A recent paper lead-authored by one of the Labelfish Consortium, Professor Stefano Mariani of the University of Salford, published in the journal Conservation Letters this month looks at the influence of media on illegal seafood practices. The paper (Mariani, S., Ellis, J., O’Reilly, A., Bréchon, A. L., Sacchi, C. and Miller, D. D. (2014), Mass media influence and the regulation of illegal practices in the seafood market. (Link: Conservation Letters. doi: 10.1111/conl.12085) looks at the fallout of high levels of publicity on mis-labeling in the Irish seafood market. In particular the work reflects on the initial, longer-term impact on such illegal practices. Please find the abstract to this very interesting paper below.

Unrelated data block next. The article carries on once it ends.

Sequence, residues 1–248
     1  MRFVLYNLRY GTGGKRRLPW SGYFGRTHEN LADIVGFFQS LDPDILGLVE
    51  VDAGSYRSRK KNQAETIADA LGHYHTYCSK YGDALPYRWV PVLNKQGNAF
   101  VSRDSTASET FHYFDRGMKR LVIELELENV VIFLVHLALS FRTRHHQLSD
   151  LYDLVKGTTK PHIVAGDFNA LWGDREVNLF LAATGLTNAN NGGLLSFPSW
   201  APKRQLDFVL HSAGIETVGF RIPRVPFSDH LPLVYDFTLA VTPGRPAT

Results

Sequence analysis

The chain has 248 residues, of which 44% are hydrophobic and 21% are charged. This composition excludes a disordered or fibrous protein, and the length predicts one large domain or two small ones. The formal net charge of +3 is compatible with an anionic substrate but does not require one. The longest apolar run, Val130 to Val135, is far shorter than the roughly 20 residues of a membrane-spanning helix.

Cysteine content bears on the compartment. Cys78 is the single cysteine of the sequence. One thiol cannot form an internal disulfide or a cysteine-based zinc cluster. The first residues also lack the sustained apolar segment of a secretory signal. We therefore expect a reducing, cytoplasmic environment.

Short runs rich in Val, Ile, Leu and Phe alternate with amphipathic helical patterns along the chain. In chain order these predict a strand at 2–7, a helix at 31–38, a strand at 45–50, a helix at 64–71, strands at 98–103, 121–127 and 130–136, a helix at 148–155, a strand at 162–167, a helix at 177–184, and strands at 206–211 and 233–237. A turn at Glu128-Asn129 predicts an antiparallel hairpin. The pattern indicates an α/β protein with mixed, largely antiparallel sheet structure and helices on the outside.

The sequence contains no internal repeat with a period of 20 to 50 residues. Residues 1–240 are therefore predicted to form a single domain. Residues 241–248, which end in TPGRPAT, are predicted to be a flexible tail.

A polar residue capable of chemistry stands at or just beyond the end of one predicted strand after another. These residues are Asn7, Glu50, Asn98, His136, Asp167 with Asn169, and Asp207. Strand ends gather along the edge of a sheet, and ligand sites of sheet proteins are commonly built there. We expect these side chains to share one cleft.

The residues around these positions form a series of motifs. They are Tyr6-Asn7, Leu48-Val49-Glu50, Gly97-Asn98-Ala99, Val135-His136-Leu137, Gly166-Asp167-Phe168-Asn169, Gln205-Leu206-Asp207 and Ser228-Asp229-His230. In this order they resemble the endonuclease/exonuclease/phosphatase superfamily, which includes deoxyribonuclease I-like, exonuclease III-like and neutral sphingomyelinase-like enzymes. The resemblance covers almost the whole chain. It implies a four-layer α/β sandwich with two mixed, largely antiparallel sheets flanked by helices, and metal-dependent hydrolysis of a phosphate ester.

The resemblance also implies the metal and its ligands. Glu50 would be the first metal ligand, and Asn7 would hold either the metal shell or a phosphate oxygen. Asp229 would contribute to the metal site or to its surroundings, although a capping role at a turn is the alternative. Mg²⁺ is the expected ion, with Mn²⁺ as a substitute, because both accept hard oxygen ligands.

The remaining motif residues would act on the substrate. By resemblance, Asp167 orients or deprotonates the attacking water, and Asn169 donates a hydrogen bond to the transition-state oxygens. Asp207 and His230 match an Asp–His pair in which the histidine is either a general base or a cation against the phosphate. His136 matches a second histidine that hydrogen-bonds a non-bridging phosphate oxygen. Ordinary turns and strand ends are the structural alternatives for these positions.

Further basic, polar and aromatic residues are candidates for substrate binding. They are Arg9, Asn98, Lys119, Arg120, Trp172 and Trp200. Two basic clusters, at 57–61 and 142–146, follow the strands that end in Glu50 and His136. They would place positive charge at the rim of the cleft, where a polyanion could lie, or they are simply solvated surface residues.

Following media exposure on the issue of seafood mislabeling in Ireland, results of repeated forensic testing of cod product labeling suggest that media attention played an important role in determining significant improvements in the supermarket retail sector, but had no detectable effect on “take-away” food services. Differences in the chains of production and in compliance requirements to European labeling laws may explain the divergent responses of the two sectors. The findings from this study indicate that it may be possible for mass media to occupy an influential role in fisheries and environmental management and policy, provided that (i) primary research findings are correctly reported by popular media and (ii) governmental agencies follow up the shortterm reaction to media exposure with appropriate enforcement measures.